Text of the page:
The Rarest, Softest, and Most Expensive Fabric in the World

Vicuna fabric
Vicuna fabric | Source

Origins of the Softest and Warmest Fabric in the World

Wonder how it would feel to own a coat made of the softest and warmest fabric in the world? You may be surprised by what fabric earns the distinction. One of the world's rarest collection of fine fabric comes from goats. It is cashmere. But there is another fabric even more rare than cashmere, and it is vicuna! This rare fabric is named after the animal it comes from, a llama-like animal from Peru with orange fur and white patches. Vicunas are the smallest and most graceful members of the camelid family and their fine coats are warm enough to allow them to live in the mountains at freezing altitudes.

Vicuna is not only the lightest and warmest fabric in the world, it is also the most expensive. According to the Wall Street Journal, a coat of it will run upward of $20,000; a scarf made of the material will cost about $4,000. It is also the finest natural fabric in the world—each hair measures just 12 microns in diameter; for a comparison, the diameter of a human hair is about 50 microns, and that merino wool is roughly 24 microns. It is the finest fiber that can be spun. It resembles very fine wool, but feels like a luxurious blend of silk and other fine hairs.

Hermes has made vicuna coats.
Hermes has made vicuna coats.

The Vicuna

A relative to the llama and a member of the camelid family, this rare breed of animal comes from the high altitudes of the Andes in South America. Bolivia, Chile, Argentina, and Peru are the beautiful homelands of these wonderful creatures. It lives and feeds on the grasslands and plains of the mountains, where it roams wild at altitudes between 10,000 and 15,000 feet above sea level and cannot be domesticated.

For centuries, dating back to the days of the Incas, this rare camel breed has been roaming the countryside in South America. This wool fabric was only worn by royalty centuries ago! Commoners who wore vicuna fabric were put to death. Vicuna wool has been highly regarded since the time of the Incas, who named it "the fabric of the gods." As such, the Incas law reserved it exclusively for family members of royalty.

The great white vicuna starves itself in captivity, so farming them is off limits. Therefore, both in the times of the Incas and the present day, they roam free except for when they are corralled in heard and shorn of their wool. Their wool is made all the more rare due to the fact that vicunas only shed a pound of hair every year and can only be shorn once every three years.

A Vicuna in its natural habitat.
A Vicuna in its natural habitat. | Source

Unfortunately, when Spanish conquistadors took over Inca territory, they hunted vicunas both for their meat and their skins. The conquistadors referred to the fiber as "the silk of the New World." As a result, the animal's numbers dropped over the centuries. During the time of the Incas, there were more than a million, but by the mid 1960s, there were only 5,000. This is when controls were first introduced on the trade of vicuna wool.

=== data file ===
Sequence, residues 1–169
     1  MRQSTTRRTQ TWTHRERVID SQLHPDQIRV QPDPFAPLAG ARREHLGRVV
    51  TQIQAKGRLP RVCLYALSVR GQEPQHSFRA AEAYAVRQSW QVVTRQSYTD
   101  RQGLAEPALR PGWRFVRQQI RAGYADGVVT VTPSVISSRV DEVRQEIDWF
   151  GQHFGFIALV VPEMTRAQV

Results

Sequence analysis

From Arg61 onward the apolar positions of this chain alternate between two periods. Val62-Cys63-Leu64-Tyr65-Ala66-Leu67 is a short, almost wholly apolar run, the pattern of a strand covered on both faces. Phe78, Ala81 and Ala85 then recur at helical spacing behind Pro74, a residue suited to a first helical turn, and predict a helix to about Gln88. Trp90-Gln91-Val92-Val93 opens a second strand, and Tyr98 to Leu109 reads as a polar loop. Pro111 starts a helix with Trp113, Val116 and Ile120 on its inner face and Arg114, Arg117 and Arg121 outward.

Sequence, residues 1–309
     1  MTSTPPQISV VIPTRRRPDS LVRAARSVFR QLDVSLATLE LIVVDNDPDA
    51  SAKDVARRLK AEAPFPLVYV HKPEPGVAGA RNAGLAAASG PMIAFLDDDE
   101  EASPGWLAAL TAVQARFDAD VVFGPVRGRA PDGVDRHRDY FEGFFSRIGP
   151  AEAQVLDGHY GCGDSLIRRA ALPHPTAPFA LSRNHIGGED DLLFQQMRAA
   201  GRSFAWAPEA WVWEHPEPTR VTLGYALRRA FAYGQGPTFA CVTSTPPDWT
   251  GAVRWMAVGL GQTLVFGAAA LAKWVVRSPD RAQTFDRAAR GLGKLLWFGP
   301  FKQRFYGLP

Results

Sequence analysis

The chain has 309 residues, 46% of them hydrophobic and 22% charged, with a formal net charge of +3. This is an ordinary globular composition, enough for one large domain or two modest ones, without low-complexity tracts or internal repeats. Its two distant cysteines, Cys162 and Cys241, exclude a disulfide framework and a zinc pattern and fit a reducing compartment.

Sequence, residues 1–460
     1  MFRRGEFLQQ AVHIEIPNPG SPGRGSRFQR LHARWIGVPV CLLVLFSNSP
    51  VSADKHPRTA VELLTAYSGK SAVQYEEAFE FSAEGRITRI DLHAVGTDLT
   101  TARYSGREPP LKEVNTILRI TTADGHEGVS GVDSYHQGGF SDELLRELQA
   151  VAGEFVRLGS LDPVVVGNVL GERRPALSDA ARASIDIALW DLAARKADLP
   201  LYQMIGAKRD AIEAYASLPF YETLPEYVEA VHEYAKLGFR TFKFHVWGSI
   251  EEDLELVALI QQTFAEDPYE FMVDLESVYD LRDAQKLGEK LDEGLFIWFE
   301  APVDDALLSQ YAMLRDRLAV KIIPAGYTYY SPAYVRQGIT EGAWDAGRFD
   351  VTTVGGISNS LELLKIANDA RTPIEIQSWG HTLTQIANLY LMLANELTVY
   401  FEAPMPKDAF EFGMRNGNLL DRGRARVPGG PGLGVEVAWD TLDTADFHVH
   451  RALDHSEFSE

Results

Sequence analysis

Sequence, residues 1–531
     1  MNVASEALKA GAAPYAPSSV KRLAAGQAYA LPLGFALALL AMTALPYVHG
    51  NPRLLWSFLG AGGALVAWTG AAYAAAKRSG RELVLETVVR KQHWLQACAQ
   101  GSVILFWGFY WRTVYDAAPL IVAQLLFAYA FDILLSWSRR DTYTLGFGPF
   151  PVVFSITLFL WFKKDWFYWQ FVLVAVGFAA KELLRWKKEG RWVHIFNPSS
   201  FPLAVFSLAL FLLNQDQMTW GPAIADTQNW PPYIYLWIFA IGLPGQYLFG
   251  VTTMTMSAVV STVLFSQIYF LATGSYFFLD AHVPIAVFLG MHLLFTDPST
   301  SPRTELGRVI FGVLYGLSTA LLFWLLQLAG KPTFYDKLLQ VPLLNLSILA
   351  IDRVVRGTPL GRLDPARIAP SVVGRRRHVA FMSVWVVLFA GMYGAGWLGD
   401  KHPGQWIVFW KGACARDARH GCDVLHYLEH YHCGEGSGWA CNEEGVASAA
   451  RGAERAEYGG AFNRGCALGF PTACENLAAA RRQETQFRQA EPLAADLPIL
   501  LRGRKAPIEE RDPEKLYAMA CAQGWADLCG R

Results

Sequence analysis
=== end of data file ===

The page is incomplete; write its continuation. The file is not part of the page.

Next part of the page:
In 1976, vicunas were placed on the endangered species list. The United Nations agency that monitors trade involving endangered animals and plants is CITES. Any kind of trade was forbidden with the vicuna species. Presently, the conservation efforts of four South American nations have seen the number of vicunas stabilize and increase substantially. Peru, one of the four South American nations with sizable vicuna populations, has over 160,000 of the animals.

Today, vicuna wool is harvested very much in the same manner as in the days of the Incas. They are herded into clusters where they are sheared for their wool and then set free into the wild. The international trade in vicuna fabric is once again allowed. Because the vicuna is unsuitable for farming, their low yield of wool each year, along with the fact that they are relatively low in numbers, makes this fabric very rare and expensive. The unique softness, lightness, warmth, and wonderfully creamy texture of this material ensures that vicuna yarn will remain the most expensive fabric in the world.

The Golden Fleece

Comments 21 comments

Tams R profile image

Tams R 4 years ago from Missouri

Educational and interesting. I'd never heard of Vicuna before this article. I surely cannot afford it, but at least I know about it. Thanks.

Marla Rose profile image

Marla Rose 4 years ago from Aventura, Florida Author

It's funny because I had never heard of vicuna before either until a couple of months ago! Yes, I agree with you a 100 percent. I cannot afford it either. But I thought it would be interesting to know about! Thank you for the comment.

alocsin profile image

alocsin 4 years ago from Orange County, CA

I love the feel of expensive fabrics but don't end up buying it because of the special care it needs. Voting this Up and Useful.

Marla Rose profile image

Marla Rose 4 years ago from Aventura, Florida Author

Thank you Alocsin for voting this hub useful. I appreciate your sincerity.

ugina profile image

ugina 4 years ago from Bhutan

awesome. great detailed hub. Never knew about it before, very interesting. Thank you for this hub.

Marla Rose profile image